Busy is Blasphemy image

Busy is Blasphemy

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The other evening I was involved in a fairly intense pastoral counselling session. We were drawing to a close and talking about the next time we needed to get together when one of those involved said something along the lines of, “but you’re so busy.” Everyone in the room, including myself, was rather taken by surprise when in response to this I started to cry.

It had been an emotionally charged weekend. On Saturday I was at a leaders thing that was exciting but emotionally tough going, and on Sunday morning I had preached on Psalm 58. I tried to demonstrate to my congregation how the imprecatory Psalms shouldn’t be expunged from our worship but serve as a model for responding to deeply emotional situations in highly emotional terms. There is a context in which, I believe, it is appropriate for the Christian to in some way pray that the teeth of oppressive rulers get smashed and their children slaughtered. Perhaps I’ll post more on that another time. Suffice it to say, it was an emotional experience: it was meant to be, with women sitting listening to me who live in a refuge because of the abuse they have suffered at the hands of their partners, and with the news full of horror stories from Syria and Iraq.

So, I was already emotionally ‘open’ before beginning a counselling session trying to stitch back together the badly damaged marriage of two people I love and care about.  Nonetheless, my response to the word ‘busy’ was surprising.

I’ve recently re-read Eugene Peterson’s ‘The Contemplative Pastor’. In a chapter titled ‘The Unbusy Pastor’ Peterson writes,

The word busy is the symptom not of commitment but of betrayal. It is not devotion but defection. The adjective busy set as a modifier to pastor should sound to our ears like adulterous to characterize a wife or embezzling to describe a banker. It is an outrageous scandal, a blasphemous affront.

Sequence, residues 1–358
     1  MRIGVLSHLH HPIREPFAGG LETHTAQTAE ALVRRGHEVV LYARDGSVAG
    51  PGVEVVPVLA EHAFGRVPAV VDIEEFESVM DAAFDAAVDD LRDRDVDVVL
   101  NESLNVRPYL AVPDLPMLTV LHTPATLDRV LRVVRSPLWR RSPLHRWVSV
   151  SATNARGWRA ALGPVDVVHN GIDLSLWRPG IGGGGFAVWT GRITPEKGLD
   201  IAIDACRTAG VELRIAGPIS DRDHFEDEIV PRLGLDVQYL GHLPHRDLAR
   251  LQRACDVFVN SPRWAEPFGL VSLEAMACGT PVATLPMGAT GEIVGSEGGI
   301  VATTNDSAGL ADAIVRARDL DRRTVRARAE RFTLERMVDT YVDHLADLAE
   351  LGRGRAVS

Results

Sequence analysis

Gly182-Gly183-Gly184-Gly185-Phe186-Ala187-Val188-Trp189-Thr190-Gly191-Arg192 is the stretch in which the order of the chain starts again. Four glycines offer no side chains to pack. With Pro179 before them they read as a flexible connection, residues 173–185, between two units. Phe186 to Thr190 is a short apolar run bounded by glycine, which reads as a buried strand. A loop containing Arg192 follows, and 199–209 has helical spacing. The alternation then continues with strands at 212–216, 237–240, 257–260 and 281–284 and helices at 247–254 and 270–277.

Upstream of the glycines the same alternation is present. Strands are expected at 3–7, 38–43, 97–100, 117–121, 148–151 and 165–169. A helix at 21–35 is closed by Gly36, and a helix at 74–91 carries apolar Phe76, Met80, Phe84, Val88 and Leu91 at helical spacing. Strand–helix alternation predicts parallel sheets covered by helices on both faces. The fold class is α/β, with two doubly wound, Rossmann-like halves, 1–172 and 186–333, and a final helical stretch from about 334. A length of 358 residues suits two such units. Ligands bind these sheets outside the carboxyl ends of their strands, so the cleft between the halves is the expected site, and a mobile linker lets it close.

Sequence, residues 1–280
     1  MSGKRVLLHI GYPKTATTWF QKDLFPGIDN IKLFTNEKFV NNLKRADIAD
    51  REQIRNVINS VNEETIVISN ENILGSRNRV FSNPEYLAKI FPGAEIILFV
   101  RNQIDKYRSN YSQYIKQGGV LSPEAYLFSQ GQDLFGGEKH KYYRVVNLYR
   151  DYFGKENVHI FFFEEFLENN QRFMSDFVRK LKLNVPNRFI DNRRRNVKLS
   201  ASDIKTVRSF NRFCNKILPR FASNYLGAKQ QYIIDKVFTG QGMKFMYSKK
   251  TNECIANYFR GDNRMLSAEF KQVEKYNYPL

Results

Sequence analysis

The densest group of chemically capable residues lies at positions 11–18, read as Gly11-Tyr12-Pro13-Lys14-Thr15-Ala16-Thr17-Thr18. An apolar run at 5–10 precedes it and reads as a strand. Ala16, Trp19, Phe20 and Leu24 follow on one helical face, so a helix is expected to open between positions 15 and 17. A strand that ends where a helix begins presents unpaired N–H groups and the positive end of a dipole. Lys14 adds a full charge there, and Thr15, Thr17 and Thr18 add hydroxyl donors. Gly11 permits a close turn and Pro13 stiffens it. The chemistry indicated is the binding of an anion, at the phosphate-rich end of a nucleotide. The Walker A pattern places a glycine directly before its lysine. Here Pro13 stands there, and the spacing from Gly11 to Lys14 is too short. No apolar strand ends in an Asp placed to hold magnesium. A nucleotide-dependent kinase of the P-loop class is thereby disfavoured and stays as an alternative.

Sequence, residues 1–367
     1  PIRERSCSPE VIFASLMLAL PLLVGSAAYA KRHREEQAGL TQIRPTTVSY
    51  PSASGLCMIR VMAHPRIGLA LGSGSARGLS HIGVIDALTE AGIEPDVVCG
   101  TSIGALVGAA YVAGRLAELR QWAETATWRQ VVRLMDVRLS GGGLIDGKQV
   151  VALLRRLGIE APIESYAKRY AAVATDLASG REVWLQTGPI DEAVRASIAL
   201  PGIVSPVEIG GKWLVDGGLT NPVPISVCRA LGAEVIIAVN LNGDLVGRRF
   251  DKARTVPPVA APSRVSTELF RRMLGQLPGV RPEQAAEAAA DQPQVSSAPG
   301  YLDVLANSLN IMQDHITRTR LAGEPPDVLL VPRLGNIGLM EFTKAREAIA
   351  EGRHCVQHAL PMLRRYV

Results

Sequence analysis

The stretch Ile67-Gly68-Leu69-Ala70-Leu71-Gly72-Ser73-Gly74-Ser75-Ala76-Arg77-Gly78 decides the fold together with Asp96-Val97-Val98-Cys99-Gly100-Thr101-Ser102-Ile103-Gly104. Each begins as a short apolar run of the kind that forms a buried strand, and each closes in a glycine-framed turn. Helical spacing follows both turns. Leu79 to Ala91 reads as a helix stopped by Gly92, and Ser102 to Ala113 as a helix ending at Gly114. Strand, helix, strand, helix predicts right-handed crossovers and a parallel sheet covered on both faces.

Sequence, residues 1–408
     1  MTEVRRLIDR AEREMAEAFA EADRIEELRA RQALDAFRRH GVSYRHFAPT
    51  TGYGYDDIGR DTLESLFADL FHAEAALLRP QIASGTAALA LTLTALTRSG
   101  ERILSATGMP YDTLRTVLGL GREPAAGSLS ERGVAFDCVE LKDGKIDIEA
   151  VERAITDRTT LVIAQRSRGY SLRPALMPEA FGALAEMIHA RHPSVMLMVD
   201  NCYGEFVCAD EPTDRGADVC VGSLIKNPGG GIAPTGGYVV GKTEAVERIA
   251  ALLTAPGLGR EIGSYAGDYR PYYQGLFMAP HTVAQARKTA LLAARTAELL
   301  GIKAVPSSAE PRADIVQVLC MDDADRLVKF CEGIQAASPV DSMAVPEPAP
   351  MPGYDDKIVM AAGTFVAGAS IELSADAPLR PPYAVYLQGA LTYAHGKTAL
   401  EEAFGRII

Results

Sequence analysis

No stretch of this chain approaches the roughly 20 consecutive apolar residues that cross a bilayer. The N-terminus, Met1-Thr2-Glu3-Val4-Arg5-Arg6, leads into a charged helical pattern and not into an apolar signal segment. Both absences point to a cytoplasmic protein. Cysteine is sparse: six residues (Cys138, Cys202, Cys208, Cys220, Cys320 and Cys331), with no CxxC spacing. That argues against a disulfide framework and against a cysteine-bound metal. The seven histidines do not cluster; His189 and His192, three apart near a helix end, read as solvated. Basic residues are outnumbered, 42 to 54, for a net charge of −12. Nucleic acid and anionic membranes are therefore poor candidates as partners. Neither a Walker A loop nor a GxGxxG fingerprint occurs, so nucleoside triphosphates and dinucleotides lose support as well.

That’s emotional language!

The truth is, I’ve got lots to do, sometimes too much, and a lot of things I don’t get done nearly so well as I should, but I hate to be thought of as ‘busy’. Busy implies a kind of professionalism that as a pastor I want to be removed far from. It signifies relationships as commercial transactions, with me as pastor in reality acting like a paid psychologist or personal coach. Busy turns ministry into business.

I don’t like the way some people use ‘busy’ as a wall. How are you doing? O, you know, really busy.

The thing is, life is full. There is a lot going on and a lot to do. Pretty much everyone I know is ‘busy’ in that sense; but the ‘I’m really busy’ line is so often thrown out as a kind of weapon – I’m so busy, because I’m so significant; I’m so busy, you’re really lucky to get a moment of my time; I’m so busy, whereas you are a slacker!

I don’t want my pastoring to be weaponised like this.

This morning I was reading Matthew 14. This must go down as one of the busiest days in the life of Christ that we know about. It begins with Jesus finding out about the murder of John the Baptist. In response to this news, Jesus withdraws to a quiet place but the crowds follow him and he ends up feeding 5,000 of them. Later he walks across a lake – on the water! – and then engages in a major healing crusade in Gennesaret. Jesus knew what it was to be busy, really busy, but Jesus never appears rushed. He never uses his busyness as a wall to keep people away.

Part of being an unbusy pastor is knowing when to say no. There are many things I say no to. There are days when I turn off my phone and don’t check my email. There are ‘urgent’ requests, that I ignore, and which suddenly lose their urgency. Life is full. But I don’t want to be known as ‘busy’.

‘Busy’ isn’t personal; it isn’t connected. Busy is blasphemy, and I think that’s why being thought of as busy made me cry.

 

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